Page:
Maximian returned to Rome. The attempt of Galerius to retake Rome failed in Spring 308. Maximian and Maxentius had a falling out. Maximian fled to Constantine. The mints of Constantine discontinued coins of Maxentius.
5) (With DN under Licinius) DN was not used again until it was revived by Licinius at his mints in 317 when Licinius II (coin), Crispus (coin), and Constantine II (coin) became Caesars. The very rare coins for Martinian in 324 also use DN. DN was discontinued at those mints when they fell to Constantine in 324. The title DOMINORVM NOSTRORVM (genitive plural) is spelled out on some reverses.
6) (With DN after Constantine) Both DN and IMP are used 337-340 after Constantine's death on some uncommon varieties at eastern mints and Rome (but not at western mints) of the extremely common AE4 GLORIA EXERCITVS type. RIC says very few, if any, AE coins were issued 340-346. The pre-reform issues of 347 use DN (coin) or have it on the reverse (coin). The FEL TEMP REPARATIO coin reform of 348 cemented DN as the usual title beginning the obverse legend on coins (coin).
Comments about gold coins. RIC VI Rome 4 is an r5 (unique) gold piece with DN MAXIMIANO CAES attributed to Galerius "c. 294-5" and Rome 13, 15, and 25 are r4, r5, and r5 argentei of Constantius "c. 295-7" with legend DN CONSTANTIO NOB C. Those coin have claims to be the first uses of DN on any imperial coins or medallions because they must be before the retirement issues of Diocletian and Maximian. RIC Rome 137 is an r4 gold piece for Maxentius with DN MAXENTIVS PRINC. Very rare gold pieces from other mints use DN for Constantine beginning c. late 324-326.
1) Before the retirements of Diocletian and Maximian on May 1, 305. The title DN was not used. The title Imperator, abbreviated IMP on coins, was on coins.
28-25 mm. 9.11 grams.
IMP MAXIMIANVS PF AVG
altar in field left
AQS in exergue
RIC Aquileia 27b. "c. 299"
PROVIDENTIA DEORVM QVIES AVGG
S F in fields (Saeculi Felicitas?)
PTR in exergue
RIC VI Trier 673b "1 May 305-early 307"
For much more about retirement issues, see the page on retirement issues of Diocletian and Maximian.
3) After Maximian came out of retirement and resumed the title of Augustus under Maxentius in late 306, Maxentius struck coins for Maximian with the restored title IMP.
Maximian, second reign. Struck by Maxentius, "Autumn 307- c. 309/10."
25 mm. 7.35 grams.
IMP C MAXIMIANVS PF AVG
This coin of Maximian has an obverse legend sometimes used by Galerius. The attribution is clear because of the distinctive nose of Maximian and the fact the type was initiated by Maxentius.
CONSERV VRBS SVAE, 6-column temple, Roma within.
RIC VI Aquileia 121b, struck second-reign, "Autumn 307- c. 309/10"
This issue is shared with Maxentius, Maxentius as AVG CONS II, and Constantine as Augustus.
Upon their retirements, Maximian and Diocletian had parallel retirement types. After Maximian came out of retirement, the mints of Constantine as Caesar continued the retirement types continued for Diocletian, but not for Maximian. Constantine minted for Maximian, but not as an active Augustus, rather Constantine minted non-retirement reverse types that used Maximian's retired titles "DN MAXIMIANO P F S AVG." (See the GENIO POPVLI ROMANI coin at the top of this page.) That legend was continued for the subsequent GENIO POP ROM type.
25-24 mm. 6.61 grams.
DN MAXIMIANO P F S AVG
GENIO POP ROM
RIC London 90 "c. summer 307"
This type with Genius and shorter legend was introduced by Constantine as Caesar. Here we see it for Maximian with his retirement titles, but not a retirement reverse type.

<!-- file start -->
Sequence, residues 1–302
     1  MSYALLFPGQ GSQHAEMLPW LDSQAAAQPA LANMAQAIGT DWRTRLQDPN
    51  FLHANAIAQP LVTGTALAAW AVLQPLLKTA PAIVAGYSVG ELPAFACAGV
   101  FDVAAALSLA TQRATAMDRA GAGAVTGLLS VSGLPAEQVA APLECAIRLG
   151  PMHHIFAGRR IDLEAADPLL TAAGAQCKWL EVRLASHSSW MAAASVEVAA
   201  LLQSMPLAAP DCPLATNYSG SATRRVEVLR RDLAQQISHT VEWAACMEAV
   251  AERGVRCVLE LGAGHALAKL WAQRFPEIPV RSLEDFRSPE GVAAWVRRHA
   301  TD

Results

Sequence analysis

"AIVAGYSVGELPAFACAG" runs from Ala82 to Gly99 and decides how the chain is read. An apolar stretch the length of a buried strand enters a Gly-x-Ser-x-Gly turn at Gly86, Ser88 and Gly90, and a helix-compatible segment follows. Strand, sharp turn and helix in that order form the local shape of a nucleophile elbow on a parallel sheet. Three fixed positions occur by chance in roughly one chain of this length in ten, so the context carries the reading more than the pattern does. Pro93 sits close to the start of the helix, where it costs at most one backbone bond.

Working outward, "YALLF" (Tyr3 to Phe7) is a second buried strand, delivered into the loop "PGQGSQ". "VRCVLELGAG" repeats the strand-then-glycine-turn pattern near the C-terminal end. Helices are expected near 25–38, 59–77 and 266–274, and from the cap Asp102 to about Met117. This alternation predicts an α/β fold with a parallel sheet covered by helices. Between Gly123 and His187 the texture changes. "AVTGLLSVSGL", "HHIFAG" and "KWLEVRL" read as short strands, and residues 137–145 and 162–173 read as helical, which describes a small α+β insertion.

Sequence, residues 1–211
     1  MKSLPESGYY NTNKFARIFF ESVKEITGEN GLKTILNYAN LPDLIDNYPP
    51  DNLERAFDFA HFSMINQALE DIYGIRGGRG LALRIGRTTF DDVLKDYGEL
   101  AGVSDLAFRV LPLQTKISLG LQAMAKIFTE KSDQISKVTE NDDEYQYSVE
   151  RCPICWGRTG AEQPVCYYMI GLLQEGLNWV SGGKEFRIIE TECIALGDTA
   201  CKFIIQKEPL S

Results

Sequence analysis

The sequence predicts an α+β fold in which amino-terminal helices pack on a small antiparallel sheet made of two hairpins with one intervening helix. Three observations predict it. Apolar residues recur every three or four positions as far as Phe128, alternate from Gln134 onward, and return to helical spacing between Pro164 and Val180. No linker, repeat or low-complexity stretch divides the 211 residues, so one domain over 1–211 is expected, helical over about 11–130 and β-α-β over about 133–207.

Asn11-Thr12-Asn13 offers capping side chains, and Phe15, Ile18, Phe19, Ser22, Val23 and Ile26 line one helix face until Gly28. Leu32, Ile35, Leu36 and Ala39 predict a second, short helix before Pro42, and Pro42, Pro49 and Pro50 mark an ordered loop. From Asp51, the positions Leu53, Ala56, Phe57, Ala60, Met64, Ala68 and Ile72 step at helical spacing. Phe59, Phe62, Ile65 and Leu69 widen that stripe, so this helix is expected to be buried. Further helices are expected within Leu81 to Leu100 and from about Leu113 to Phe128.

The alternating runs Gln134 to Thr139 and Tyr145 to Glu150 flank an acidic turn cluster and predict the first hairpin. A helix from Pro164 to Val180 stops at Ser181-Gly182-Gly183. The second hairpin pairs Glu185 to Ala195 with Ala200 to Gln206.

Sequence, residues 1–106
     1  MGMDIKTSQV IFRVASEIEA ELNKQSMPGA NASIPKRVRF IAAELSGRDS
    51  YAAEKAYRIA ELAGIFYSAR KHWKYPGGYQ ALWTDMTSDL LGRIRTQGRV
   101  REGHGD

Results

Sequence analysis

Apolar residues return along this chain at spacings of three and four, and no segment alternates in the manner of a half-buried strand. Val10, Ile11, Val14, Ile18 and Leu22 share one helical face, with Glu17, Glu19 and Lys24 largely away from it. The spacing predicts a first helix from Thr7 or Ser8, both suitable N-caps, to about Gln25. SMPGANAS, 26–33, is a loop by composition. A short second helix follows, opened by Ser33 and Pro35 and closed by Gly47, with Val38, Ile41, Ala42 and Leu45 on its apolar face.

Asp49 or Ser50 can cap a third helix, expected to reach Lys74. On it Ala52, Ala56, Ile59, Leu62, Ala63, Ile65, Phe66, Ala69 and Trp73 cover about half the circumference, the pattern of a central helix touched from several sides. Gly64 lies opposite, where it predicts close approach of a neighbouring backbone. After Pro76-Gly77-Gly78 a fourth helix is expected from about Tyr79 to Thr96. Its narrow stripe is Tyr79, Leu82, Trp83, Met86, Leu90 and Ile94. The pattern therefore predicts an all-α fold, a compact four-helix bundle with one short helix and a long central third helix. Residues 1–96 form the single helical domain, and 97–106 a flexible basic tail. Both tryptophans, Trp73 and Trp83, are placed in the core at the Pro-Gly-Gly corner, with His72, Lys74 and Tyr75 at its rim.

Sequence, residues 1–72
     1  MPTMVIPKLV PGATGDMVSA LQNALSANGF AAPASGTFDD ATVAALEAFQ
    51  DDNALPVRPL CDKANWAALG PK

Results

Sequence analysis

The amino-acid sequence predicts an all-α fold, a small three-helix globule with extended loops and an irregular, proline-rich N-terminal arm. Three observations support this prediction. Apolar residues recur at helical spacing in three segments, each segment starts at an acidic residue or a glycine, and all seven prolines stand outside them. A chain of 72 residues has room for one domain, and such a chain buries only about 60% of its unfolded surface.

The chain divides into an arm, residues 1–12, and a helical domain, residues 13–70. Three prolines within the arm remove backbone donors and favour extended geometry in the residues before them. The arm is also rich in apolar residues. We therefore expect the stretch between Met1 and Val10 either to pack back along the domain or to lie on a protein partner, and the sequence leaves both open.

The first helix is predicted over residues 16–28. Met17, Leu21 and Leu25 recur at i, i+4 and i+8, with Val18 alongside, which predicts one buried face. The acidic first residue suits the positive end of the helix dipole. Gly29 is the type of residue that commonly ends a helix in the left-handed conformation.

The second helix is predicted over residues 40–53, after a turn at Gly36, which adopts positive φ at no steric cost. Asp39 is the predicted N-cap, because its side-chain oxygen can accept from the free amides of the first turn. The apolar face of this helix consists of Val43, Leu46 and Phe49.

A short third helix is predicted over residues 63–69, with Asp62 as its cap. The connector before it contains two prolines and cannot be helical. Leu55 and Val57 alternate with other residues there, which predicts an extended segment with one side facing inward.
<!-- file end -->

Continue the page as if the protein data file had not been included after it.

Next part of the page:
Maximian, recognized as Augustus at a mint of Constantine.
27-25 mm. 7.18 grams.
IMP C M AVREL VAL MAXIMIANVS P F AVG
Note the remarkably long version of his name which makes it clear this is not a coin of Galerius.
GENIO POP ROM
Altar in left field
PLG in exergue
RIC Trier 766 "autumn 307 - end of 308."
In this issue Constantine and Maxentius are also Augusti. Galerius and Maximinus II are omitted.
This use of "DN" around a wreath began as early as 320. There are rare coins from Rome with reverse legend SOLI INVICTO COMITI DN (RIC VII Rome 46-47 and with COM for COMITI, RIC Rome 48, dated to 316).
6) After the death of Constantine in 337 some coins of his sons used DN and other coins used just the ruler's name. Little or no AE was minted after 340 until c. 347 when minting was resumed and DN was on the obverse of some coins and the reverse of others.
Constans, struck 347-8, according to RIC.
DN CONSTANS PF AVG (Here DN is on the obverse)
VOT/XV/MVLY/XX in wreath
SMANΘ in exergue.
RIC VIII Antioch 116.
Provincial coins. The title DN was used on provincial coins as early as under Septimius Severus.
Septimius Severus, 193-211
Struck at Antioch in Pisidia.
IMP CAES L SEP SEVERVS PER AVG
VICTORIAE DDD NNN COL ANTI
Victory standing right holding trophy forward
S on left, R on right
BMC 23. Weber II Pisidia 3.
Sear Greek Imperial -- .
This triple D refers to the three emperors Septimius Severus, Caracalla, and Geta. Later at this mint DDNN is used for the joint reign of Septimius and Caracalla and then DN for Caracalla alone.
Conclusion. Maximian had been active emperor with coin legends that began "IMP" until Diocletian and Maximian retired May 1, 305 Retirement issues for them used the new titles "Dominus Noster" and "Senior Augustus" and with legends of the form "DN .... SEN AVG". When Maximian came out of retirement in late 306 at the invitation of Maxentius his title IMP was restored at mints of Maxentius, but coins issued by Constantine for Maximian retain his "DN MAXIMIANO P F S AVG" legend. These are the first uses of DN on AE coins other than the retirement coins of Diocletian and Maximian. Later, after Maximian confirmed Constantine as Augustus, mints of Constantine use title IMP for Maximian. The title "DN" then is not used for a decade.
In 317 when the sons of Licinius and Constantine were made Caesars, mints of Licinius used the title DN for them (but not on obverses for Licinius and Constantine). From 317 to 324 both IMP and DN are in some obverse legends. Then neither is used on AE until 337--instead, the emperor's name begins the legend. However, by the time of the coin reform of 348 DN usually begins the legends. Not all coins of Julian II (355-360-363) begin with DN, but under Jovian (363-364) and all later emperors they all do. The concept of the emperor as "Our Lord" has taken over.
RIC (Roman Imperial Coinage) VI, by Sutherland, 1973.
RIC VII, by Bruun, 1966.
RIC VIII, by J. P. C. Kent, 1981.
Sincere thanks to Peter Christenson and Myrian Merola for their helpful information about Latin and the history of these issues. However, I alone am responsible for my opinions about how dates and political events are reflected by the coins.